“Love you too. Bye.” I hang up the phone and all I can think is What the fuck was that? Having a normal conversation with my mom felt like one of the most bizarre situations in the world. But, it was also… kind of nice? There was no animosity between us, just genuine curiosity. Then it dawned on me that maybe, just maybe, she missed me. Just before I started packing my bags for college, she’d say how she couldn’t wait for my “ungrateful ass” to finally move out. Now, here she is calling me as if those words never passed her lips. The bite of each insult she ever spoke upon me still stung. I had come to believe that all she described me as was true. I really am just a dumb, disrespectful bitch with no common sense.
Then why am I smiling right now? I should be furious! The very thought of my own mother should make me want to run my fist through a wall. Yet, here I am smiling, forgiving her, and hoping we can talk again soon. As 2016 flew by, we had the chance to talk on the phone every week or so. Each conversation was led by the more or less the same questions: “How’s school?”, “How’s work?”, “Has the weather been ok?”, and “are you ok?” The last was an unspoken question that I attempted to answer with my response to the other three questions. I basically tried to convince her that I was mentally stable when I had given no indication that I ever wasn’t. I mean, sure, I’m a bit of a crybaby, but I’m sensitive, not questioning my sanity.
When summer break rolled around, I had decided to move back home. We just couldn’t afford to send me to Kansas State University anymore even with my partial scholarship and in-state tuition rate. Being back in my childhood home, despite only being gone for a year, felt surreal. The house looked the same. The garage filled to the brim with random tools, bits, and bobs. Shoes scatter the floor before I walk through the door. The scent of curry and Yankee candles linger in the air as I step in. After I moved out, my little sister had stolen my old room and left me with hers, which was approximately the size of a shoebox. I felt like my reality had been downgraded, as if my Wifi speed dropped so low that one can only expect to wait at the buffering screen forever.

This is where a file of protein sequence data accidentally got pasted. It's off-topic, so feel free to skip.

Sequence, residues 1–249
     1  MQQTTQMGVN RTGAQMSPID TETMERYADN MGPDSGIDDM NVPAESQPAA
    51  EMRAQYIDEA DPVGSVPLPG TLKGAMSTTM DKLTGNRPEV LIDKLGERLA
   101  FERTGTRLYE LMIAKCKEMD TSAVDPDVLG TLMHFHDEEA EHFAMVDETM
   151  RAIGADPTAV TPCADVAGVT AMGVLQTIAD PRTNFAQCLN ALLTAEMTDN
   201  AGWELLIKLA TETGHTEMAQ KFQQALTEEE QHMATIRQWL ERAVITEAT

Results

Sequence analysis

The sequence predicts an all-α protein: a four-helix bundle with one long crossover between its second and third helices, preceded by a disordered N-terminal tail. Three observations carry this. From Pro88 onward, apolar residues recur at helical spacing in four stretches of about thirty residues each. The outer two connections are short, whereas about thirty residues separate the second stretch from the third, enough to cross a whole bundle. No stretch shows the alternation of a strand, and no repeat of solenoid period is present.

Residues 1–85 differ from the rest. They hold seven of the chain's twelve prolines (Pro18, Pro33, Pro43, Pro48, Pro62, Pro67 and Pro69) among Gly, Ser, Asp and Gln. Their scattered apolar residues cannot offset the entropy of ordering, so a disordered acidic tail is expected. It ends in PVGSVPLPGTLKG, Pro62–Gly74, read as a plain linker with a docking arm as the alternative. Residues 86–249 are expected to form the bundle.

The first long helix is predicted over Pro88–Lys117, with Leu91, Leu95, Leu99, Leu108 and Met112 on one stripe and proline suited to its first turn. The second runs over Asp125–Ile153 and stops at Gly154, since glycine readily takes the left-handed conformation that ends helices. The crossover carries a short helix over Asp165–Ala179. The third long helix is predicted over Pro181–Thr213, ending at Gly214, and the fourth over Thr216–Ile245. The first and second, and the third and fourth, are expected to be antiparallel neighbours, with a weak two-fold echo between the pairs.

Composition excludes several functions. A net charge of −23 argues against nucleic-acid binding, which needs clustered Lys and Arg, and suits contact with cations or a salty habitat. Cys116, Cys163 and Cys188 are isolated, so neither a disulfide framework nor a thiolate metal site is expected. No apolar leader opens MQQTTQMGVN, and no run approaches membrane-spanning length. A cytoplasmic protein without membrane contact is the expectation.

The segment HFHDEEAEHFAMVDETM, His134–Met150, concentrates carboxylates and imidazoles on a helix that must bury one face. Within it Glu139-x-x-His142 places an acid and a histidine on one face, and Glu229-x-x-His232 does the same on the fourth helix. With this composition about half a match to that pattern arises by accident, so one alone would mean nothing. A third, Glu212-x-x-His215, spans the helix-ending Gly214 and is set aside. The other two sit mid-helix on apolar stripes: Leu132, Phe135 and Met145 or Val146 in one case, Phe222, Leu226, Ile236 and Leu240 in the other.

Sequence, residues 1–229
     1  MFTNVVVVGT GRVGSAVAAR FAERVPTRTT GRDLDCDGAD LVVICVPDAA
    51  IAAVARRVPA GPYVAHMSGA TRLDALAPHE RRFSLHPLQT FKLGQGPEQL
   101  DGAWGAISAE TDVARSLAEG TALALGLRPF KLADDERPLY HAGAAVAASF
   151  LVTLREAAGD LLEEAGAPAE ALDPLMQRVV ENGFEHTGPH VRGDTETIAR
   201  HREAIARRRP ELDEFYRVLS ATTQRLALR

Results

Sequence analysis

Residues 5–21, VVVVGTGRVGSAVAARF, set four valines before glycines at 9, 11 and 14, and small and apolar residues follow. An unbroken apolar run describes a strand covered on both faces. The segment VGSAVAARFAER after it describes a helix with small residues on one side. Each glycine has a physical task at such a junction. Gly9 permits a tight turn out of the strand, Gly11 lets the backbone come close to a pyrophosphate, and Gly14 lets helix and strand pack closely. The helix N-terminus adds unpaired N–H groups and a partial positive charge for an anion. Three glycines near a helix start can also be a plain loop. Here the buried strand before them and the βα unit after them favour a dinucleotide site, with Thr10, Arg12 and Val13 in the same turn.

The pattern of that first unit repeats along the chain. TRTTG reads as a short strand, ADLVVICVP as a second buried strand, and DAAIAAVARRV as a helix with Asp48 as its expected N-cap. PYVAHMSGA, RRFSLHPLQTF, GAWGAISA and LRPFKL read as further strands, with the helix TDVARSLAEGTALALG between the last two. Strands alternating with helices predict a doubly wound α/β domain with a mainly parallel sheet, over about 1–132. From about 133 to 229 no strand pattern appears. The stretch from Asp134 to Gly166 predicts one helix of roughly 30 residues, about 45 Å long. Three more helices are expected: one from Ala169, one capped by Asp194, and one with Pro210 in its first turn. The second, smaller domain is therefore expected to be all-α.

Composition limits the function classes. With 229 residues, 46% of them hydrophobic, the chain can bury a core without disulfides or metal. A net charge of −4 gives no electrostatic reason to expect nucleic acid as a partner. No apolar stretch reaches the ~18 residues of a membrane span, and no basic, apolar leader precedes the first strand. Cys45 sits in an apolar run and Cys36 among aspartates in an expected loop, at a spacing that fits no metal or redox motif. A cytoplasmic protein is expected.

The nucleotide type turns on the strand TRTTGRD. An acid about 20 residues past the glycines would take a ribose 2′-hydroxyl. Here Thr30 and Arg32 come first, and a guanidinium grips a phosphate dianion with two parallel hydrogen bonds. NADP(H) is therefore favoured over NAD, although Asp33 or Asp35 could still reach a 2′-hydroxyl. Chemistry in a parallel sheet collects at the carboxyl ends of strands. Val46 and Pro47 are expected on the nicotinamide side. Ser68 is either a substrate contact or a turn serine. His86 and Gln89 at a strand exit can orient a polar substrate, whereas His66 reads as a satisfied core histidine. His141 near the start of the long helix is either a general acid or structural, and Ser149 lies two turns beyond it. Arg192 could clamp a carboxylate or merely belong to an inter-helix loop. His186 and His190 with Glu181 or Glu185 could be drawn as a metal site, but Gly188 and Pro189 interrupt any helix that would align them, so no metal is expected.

I was living back home and going to community college. It was actually really nice. I loved my classes and professors because I could understand their accents and had way less homework. I also could hang out with my friends and family. I guess the year away did some good. It showed my mom an alternate reality where I’m not always physically there for her. Her main love language is physical touch; whereas, mine has always been quality time. I hated being near or touching people and my mom never had the time. It was a dance I had known the choreography to for almost all my life, but suddenly all the steps had changed and rearranged.
Now I can talk to my parents calmly about things. Now I can let my guard down every once in a while without fearing that what I say will be used as ammo against me. Now I can look her in the eye. Now I can breathe. Now, I know that love levels eventually.
© 2021 Writings by Z